The two most common and readily available gearhead designs are the spur and planetary versions. Each has benefits and drawbacks depending on the particular application.
Spur gearheads are designed in such a way that two gears (a single stage) work together to increase the torque potential of the driving motor. Each gear in the train of a spur gearhead bears the entire torque load. Therefore, these gearheads are used where lower torques are specified. Backlash is also a common concern when using a gearhead. Backlash depends on the shape and accuracy of the gear teeth and the accuracy of the gear wheel mounting arrangement. The same goes for efficiency. The interplay between these two—backlash and efficiency—is that an increase in mechanical play between gears is good for efficiency and bad for backlash. In general, spur gearheads are the simpler and least expensive of the two units.
Planetary gearheads are more complex in design. The input shaft drives a central (sun) gear, which then turns the surrounding (planet) gears. This arrangement lets each planet gear deliver torque in perfect synchronization with the others. Planetary gearheads share their torque load over multiple ‘planet’ gears, which leads to greater torque output capacity, and takes the pressure off of each individual gear.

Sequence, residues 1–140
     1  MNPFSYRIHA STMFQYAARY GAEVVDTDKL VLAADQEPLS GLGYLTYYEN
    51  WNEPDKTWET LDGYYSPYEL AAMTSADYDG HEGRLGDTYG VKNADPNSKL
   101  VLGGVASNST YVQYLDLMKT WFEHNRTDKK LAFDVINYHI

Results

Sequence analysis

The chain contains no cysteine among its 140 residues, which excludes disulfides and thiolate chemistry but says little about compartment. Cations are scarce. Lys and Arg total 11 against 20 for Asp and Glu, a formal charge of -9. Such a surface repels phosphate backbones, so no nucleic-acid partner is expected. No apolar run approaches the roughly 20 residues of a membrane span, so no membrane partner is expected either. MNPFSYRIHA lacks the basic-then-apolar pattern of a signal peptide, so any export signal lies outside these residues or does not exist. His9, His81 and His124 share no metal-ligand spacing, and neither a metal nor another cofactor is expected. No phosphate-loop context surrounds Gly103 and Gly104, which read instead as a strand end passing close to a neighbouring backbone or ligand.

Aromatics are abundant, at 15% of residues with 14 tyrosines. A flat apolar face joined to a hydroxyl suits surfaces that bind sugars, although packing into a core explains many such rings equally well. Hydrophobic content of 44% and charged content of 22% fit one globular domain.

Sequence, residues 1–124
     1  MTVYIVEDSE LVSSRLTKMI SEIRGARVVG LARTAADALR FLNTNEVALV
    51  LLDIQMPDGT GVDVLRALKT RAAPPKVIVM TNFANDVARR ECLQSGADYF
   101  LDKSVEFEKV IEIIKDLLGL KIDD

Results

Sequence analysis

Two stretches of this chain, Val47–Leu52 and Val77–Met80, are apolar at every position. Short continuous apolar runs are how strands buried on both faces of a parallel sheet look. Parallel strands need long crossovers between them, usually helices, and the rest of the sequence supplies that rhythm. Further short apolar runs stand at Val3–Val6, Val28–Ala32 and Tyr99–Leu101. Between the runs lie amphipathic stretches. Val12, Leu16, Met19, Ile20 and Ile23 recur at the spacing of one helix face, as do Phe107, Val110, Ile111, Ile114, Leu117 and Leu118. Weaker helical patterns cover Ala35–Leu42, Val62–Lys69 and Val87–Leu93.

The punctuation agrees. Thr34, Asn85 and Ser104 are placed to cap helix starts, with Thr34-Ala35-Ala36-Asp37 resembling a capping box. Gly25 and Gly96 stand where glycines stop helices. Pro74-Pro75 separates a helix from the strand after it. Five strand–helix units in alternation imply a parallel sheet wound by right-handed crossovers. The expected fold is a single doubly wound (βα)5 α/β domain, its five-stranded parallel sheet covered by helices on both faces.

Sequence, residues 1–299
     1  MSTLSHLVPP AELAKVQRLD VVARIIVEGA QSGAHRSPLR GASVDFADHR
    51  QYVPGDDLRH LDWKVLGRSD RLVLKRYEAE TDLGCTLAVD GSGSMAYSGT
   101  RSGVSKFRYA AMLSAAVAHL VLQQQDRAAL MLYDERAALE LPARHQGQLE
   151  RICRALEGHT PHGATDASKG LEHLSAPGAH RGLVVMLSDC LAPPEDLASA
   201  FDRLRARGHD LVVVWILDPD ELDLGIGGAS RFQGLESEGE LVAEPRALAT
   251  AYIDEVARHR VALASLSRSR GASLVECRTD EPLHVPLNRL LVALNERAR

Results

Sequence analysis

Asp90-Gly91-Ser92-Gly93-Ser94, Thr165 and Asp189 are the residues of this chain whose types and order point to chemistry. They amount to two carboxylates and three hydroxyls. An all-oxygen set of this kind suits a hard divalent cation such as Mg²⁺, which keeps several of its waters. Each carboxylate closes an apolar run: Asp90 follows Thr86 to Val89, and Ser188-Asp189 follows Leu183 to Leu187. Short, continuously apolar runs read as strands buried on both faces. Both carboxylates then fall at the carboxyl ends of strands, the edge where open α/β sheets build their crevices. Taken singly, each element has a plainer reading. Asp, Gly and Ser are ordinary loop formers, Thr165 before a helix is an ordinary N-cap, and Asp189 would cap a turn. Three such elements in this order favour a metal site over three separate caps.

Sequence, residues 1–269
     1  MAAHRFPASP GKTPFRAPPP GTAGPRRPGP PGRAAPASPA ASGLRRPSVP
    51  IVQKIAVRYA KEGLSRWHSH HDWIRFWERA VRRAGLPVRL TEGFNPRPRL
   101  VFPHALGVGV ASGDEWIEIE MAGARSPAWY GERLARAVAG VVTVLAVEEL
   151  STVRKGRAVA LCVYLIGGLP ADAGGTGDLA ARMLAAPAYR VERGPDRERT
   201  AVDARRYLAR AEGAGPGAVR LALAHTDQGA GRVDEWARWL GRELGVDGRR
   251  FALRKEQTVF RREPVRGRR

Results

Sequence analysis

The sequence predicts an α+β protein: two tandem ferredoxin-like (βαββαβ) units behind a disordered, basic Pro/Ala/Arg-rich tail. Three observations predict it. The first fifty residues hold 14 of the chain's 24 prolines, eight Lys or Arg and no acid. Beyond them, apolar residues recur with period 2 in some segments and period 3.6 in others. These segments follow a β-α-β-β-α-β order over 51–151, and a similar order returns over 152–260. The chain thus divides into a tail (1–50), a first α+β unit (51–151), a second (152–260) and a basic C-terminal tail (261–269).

Both types of gearhead are made from a variety of metals and plastics, including brass, steel, nickel-steel, and other alloys. Important design factors include the size of the gears and the number of teeth on each of those gears. This determines the gear ratios for output torque and the shaft speed.
With proper machining, it is possible to attain the same backlash from both spur and planetary gearheads. For standard gears, backlash ranges from 1° to 2°. Planetary and spur gearheads can provide up to 90% efficiency for a single stage unit. (All gearheads can include multiple stages, but that approach also adds to the length of the device.) Reduction ratios for both spur and planetary gearheads range from near unity up to several thousand to one.
Generally, spur gearheads are quieter than planetary gearheads. On all gearheads, noise increases at higher speeds, but note that noise is a function of tooth shape, the interaction of the teeth, and the material used. Steel-cut gears are the most durable, making them ideal for high-torque applications, while porous sintered gearwheels are better at holding lubricants. (Lubrication is a factor when service life is a consideration.)
Most often, the selection of which gearhead type to use relates to the torque capability of the gearhead, while the selection of the reduction ratio primarily relates to the input speed limit required for the application. Whether spur or planetary, speed depends mostly on what the device is designed for. Tooth shape design is an optimization and compromising process, which affects speed, torque, efficiency, and backlash, as well as noise level—and all combinations of these factors.